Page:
“My wife and I turned conservative when a peanut farmer said on the radio that we were the reason the country was going to hell. He said the people of the United States didn’t have the capability of kicking (butt).”

I voted for Jimmy Carter twice and don’t remember him saying that.

“Then comes the B-grade actor.”

Dutch Reagan.

“And he said, ‘What? We’re the best!’ The country believed it. I believed him. For eight years, I was thrilled with Ronald Reagan. He allowed people like me to generate wealth.”

It’s your interview, Miray.

“When Obama ran the first time, I did not mind that he got elected. Change, change. What change? What the hell changed?”

You’re right, things are almost as bad as when the Texan was running the show. Speaking of which, how were you treated during the ‘50s and ‘60s in the Lone Star State?

“They called me a camel jockey. I told them the first time I saw a (expletive) camel was at the San Antonio Zoo.”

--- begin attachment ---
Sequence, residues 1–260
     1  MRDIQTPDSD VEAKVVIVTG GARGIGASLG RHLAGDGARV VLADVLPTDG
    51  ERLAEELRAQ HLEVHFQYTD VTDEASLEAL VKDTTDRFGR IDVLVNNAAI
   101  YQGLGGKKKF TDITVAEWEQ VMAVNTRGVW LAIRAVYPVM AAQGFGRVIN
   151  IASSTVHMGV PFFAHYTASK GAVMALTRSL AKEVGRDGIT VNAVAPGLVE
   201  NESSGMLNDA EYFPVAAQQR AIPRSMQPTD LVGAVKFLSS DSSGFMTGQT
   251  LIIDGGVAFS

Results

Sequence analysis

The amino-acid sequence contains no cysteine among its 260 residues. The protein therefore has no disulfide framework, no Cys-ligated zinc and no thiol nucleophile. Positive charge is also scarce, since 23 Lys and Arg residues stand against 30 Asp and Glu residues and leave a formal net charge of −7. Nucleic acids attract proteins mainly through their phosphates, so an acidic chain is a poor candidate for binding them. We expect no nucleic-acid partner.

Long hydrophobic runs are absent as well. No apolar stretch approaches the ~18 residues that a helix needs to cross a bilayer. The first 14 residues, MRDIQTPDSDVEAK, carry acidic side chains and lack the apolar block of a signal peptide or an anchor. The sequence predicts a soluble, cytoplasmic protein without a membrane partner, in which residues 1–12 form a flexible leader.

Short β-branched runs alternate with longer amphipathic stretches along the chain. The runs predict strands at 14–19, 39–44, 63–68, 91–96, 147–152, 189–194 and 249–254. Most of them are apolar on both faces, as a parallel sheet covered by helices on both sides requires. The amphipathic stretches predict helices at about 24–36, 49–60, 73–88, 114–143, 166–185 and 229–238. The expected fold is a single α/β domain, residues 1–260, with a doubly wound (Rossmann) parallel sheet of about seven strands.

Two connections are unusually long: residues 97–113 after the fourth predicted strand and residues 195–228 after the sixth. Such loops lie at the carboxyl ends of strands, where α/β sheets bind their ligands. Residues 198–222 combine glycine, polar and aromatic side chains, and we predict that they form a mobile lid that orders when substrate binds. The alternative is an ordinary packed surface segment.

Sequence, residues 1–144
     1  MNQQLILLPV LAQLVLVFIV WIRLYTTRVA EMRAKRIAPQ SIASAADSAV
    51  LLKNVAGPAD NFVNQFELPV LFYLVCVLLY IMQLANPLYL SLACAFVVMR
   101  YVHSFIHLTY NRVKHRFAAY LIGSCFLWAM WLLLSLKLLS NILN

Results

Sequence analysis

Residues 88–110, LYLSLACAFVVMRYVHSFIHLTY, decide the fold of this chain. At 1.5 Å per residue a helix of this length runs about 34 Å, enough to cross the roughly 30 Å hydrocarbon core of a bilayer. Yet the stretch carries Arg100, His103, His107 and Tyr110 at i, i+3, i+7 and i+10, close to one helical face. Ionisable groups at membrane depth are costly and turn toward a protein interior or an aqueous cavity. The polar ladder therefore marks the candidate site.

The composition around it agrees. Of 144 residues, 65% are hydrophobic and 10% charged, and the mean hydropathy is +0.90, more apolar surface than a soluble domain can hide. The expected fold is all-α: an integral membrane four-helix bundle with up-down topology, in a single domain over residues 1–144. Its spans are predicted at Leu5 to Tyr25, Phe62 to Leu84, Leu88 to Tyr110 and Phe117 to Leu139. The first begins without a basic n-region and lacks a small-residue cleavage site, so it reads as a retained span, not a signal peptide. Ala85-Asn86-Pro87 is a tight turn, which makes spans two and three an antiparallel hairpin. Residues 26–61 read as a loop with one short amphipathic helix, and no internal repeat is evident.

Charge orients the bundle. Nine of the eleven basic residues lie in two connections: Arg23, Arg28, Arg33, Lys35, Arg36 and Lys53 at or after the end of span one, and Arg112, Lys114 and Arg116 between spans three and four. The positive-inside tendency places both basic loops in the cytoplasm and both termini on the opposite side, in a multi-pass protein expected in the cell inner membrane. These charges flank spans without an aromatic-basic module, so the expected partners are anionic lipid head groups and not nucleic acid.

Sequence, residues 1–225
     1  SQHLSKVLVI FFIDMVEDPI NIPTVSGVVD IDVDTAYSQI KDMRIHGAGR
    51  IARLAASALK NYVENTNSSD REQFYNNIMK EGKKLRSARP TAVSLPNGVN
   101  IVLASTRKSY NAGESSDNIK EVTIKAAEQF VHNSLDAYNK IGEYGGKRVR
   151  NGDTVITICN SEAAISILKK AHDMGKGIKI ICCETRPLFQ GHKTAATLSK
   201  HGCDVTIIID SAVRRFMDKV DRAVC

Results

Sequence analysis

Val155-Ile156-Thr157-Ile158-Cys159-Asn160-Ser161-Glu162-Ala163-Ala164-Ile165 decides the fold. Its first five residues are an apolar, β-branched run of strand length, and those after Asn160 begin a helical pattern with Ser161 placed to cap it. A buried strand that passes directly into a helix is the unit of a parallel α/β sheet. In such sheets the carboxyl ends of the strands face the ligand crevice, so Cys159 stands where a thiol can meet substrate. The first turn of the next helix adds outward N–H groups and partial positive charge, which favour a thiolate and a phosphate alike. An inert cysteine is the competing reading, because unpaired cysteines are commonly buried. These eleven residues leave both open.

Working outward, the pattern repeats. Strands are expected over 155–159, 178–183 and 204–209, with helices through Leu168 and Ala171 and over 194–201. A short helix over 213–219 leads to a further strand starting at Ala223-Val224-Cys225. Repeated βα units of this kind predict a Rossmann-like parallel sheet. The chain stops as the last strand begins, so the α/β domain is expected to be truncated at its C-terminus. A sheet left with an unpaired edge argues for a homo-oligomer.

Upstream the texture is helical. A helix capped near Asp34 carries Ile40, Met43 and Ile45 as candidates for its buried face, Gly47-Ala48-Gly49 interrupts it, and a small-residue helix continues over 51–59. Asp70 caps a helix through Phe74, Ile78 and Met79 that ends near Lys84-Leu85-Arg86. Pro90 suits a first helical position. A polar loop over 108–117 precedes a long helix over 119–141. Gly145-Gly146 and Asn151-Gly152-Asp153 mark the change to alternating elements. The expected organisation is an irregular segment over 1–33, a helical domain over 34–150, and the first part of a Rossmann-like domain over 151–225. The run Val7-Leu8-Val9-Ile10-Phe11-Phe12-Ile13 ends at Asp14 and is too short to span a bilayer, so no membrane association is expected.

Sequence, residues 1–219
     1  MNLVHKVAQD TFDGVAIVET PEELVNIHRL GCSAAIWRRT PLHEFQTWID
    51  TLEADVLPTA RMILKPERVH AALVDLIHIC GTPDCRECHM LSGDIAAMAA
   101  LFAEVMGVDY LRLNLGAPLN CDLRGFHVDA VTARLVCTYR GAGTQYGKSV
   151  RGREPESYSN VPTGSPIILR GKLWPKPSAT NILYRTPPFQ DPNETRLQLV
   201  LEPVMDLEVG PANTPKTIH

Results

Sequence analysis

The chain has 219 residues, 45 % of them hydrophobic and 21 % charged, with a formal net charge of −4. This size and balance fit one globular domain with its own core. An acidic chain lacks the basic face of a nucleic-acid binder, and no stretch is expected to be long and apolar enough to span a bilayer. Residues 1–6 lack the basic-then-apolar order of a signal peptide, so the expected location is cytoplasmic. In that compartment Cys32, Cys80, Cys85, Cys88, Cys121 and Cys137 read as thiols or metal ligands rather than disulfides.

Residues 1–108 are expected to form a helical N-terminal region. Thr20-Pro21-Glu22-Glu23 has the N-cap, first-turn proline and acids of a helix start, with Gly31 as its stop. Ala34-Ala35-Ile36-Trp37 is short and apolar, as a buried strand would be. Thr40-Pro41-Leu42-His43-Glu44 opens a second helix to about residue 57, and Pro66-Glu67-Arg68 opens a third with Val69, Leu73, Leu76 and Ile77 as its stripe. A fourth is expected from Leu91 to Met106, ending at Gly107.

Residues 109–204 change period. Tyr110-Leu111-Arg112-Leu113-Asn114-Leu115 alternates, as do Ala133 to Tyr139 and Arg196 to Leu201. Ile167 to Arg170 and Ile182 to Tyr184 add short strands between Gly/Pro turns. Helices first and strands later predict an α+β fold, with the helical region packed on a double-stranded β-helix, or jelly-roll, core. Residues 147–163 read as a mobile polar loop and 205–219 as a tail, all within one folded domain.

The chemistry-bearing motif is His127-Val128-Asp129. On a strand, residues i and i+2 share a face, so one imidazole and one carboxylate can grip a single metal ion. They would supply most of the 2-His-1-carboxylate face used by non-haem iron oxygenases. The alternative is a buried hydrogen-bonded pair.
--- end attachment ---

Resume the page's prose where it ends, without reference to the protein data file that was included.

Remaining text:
I but scratched the surface with Mike Dalkilic. Years ago, he was named an honorary Texan by the governor of Texas. More recently, in honor of his 70th birthday, Mike Dalkilic Day was officially celebrated, a proclamation signed by the mayor of Crown Point.

Dalkilic has missed but four University of Texas home football games in 24 years, albeit he’s lived in Northwest Indiana since this country’s bicentennial year. He detests the University of Notre Dame.

Dalkilic worships Ataturk, the first president of Turkey, and George Washington, the first president of the United States. The first Republican president, “Honest Abe” Lincoln, is his ultimate hero.

Dalkilic has enjoyed sailboats and Harley Davidsons for 40 years. He collects oil lamps from around the world, some of them date from before the birth of Jesus Christ.

Mike Dalkilic earned an Eagle Scout badge in Turkey and marched with migrant workers in Texas.

He’s a Turk who wears cowboy boots.

And quite a piece of work.